Our findings are consistent with previous studies, but they suggest that the real‐world burden of hyperkalemia is even greater in patients with cardiorenal syndrome than anticipated.25 In the PARADIGM‐HF (Prospective Comparison of ARNI With ACEI to Determine Impact on Global Mortality and Morbidity in Heart Failure) study, ≈15% in both treatment groups developed hyperkalemia within a median follow‐up of 27 months,26 whereas the risks of hyperkalemia in patients with HF were generally lower in a UK observational study11 and in several other randomized controlled trials.27 The risk of hyperkalemia was substantially higher in our study, which likely mirrors a different universal healthcare system with inclusion of all hospital contacts with HF, including also elderly, comorbid, and frail patients. Our findings indicate that the true real‐world burden of hyperkalemia is even greater than anticipated and highlight that patients with the cardiorenal syndrome are at particular high risk of hyperkalemia. In our current analysis, risk factors for hyperkalemia included chronic kidney disease, diabetes mellitus, and use of spironolactone, as corroborated by others’ findings.11, 12, 28, 29, 30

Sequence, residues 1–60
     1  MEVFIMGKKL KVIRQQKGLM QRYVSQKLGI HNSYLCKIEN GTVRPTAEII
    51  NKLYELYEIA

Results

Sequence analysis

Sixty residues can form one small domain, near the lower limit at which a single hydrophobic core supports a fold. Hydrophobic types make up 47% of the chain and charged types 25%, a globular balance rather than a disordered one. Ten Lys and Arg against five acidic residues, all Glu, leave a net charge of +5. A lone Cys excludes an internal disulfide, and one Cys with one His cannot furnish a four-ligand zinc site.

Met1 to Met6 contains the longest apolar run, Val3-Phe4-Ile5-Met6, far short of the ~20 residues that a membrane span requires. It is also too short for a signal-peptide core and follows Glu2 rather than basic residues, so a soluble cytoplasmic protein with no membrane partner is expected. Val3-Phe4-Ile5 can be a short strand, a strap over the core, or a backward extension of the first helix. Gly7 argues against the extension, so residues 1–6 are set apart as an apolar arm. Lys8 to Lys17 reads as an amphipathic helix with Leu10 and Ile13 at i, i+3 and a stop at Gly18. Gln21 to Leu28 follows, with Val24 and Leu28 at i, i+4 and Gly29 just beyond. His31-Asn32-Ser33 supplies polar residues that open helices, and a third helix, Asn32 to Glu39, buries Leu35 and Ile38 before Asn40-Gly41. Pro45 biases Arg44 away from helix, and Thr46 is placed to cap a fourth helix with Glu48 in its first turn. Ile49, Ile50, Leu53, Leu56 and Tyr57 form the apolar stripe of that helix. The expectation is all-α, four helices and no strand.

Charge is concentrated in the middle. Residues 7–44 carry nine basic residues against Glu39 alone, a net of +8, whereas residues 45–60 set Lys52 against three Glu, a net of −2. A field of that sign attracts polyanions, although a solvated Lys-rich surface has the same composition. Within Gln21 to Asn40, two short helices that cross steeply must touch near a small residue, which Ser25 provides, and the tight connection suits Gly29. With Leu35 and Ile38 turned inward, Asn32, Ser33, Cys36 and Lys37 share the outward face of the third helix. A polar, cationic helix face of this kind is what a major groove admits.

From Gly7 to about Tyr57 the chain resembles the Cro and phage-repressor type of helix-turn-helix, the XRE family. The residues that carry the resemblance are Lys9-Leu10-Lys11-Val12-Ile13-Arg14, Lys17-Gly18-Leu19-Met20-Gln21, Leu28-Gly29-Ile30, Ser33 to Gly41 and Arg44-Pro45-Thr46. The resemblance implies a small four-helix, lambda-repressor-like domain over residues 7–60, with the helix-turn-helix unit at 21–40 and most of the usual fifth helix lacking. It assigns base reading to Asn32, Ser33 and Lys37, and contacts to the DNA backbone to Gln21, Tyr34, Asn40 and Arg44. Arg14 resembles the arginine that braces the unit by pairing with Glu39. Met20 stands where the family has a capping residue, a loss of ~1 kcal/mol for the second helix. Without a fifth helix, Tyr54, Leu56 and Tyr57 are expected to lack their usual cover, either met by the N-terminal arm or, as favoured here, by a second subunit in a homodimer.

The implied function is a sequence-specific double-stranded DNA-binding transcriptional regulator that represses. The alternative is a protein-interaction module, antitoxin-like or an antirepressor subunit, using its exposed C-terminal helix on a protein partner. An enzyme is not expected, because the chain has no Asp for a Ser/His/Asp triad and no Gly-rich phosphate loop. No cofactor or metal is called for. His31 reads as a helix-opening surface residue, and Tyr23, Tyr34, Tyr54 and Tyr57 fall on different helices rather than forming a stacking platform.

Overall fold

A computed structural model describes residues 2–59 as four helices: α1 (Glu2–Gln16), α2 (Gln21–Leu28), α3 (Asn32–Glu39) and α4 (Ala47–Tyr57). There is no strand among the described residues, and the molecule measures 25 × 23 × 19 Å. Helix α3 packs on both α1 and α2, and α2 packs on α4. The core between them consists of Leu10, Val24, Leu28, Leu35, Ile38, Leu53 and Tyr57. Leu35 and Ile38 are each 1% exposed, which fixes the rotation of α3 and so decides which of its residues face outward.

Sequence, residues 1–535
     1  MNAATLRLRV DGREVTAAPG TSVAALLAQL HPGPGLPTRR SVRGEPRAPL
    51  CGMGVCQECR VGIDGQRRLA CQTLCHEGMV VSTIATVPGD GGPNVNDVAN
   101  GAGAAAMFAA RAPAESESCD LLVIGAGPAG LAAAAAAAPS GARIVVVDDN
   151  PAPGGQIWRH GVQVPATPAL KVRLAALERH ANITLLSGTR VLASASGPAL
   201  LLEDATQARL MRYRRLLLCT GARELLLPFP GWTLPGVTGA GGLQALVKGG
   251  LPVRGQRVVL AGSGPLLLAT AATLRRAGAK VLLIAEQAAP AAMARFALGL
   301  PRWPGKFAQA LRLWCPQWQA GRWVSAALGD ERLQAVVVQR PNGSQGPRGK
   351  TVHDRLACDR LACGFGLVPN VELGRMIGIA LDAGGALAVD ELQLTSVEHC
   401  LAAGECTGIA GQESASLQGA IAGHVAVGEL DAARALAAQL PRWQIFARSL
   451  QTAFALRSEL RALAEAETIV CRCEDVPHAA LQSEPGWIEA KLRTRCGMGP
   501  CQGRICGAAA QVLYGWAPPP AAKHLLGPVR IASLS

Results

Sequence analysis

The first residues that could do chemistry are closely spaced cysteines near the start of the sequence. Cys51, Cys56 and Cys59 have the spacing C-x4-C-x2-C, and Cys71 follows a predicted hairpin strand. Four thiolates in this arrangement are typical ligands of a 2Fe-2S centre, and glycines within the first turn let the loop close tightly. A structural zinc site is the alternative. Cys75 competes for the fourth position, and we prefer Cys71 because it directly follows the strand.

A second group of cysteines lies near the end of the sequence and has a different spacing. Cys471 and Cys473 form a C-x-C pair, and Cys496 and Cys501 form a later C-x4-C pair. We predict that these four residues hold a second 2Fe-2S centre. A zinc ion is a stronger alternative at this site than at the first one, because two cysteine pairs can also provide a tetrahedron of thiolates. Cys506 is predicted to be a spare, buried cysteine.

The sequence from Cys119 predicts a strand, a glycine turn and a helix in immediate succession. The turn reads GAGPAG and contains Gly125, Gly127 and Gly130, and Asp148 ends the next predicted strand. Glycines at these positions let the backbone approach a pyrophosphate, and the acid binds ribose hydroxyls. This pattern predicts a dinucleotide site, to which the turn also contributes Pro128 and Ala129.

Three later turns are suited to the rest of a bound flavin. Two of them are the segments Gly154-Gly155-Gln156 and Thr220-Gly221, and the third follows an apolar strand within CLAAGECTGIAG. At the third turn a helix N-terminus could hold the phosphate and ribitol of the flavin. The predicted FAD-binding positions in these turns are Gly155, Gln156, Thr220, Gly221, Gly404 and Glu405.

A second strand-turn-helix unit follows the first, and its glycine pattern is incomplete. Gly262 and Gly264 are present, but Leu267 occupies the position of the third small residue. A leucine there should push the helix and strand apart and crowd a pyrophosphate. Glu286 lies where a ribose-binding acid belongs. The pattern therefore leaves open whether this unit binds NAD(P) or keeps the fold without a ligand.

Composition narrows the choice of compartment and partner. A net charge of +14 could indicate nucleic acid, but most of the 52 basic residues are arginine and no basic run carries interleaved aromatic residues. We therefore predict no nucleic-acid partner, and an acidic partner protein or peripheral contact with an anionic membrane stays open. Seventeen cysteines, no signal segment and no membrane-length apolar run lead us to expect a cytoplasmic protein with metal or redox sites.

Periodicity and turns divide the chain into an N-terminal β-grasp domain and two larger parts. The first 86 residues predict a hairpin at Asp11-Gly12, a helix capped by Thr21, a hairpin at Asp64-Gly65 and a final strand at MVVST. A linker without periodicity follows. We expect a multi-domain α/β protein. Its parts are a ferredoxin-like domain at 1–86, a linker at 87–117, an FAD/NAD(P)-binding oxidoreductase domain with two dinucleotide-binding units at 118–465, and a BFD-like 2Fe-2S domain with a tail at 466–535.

Our study adds to the literature on the prognostic impact of hyperkalemia among patients with HF. In a Danish cohort study of 2596 patients with myocardial infarction receiving loop diuretics (as a proxy for HF), all levels of elevated potassium, including slightly increased levels, predicted death from any cause (4.6–5.0 mmol/L: adjusted HR, 1.6; 5.1–5.5 mmol/L: adjusted HR, 2; >5.5 mmol/L, adjusted HR, 5.6).9 Similarly, among 7788 patients with chronic HF in the Digitalis Investigation Group trial, mild hyperkalemia was associated with ≈15% increased mortality.10 However, mild hyperkalemia was not associated with cardiovascular or HF mortality or all‐cause or cardiovascular hospitalization. Among 3900 patients admitted with acute HF in the Patients Hospitalized with acute heart failure and Volume Overload to Assess Treatment Effect on Congestion and Renal Function (PROTECT) and Coordinating Study Evaluating Outcomes of Advising and Counseling Failure (COACH) trials, admission potassium levels of >5.0 mEq/L versus normal potassium level were associated with a 2.36‐fold increased risk of death after 6 months.30 However, the association weakened considerably and became nonsignificant after multivariate adjustment for kidney dysfunction and other predictors. Comparison with our study is difficult because we examined hyperkalemia as a risk factor for being acutely hospitalized with different conditions, and for mortality as a separate outcome, rather than studying hyperkalemia as a prognostic factor among patients already acutely hospitalized with HF. Our findings extend current knowledge, suggesting that elevated potassium levels >5.0 mmol/L may be associated with higher risk of cardiovascular hospitalizations and arrhythmias in patients with HF.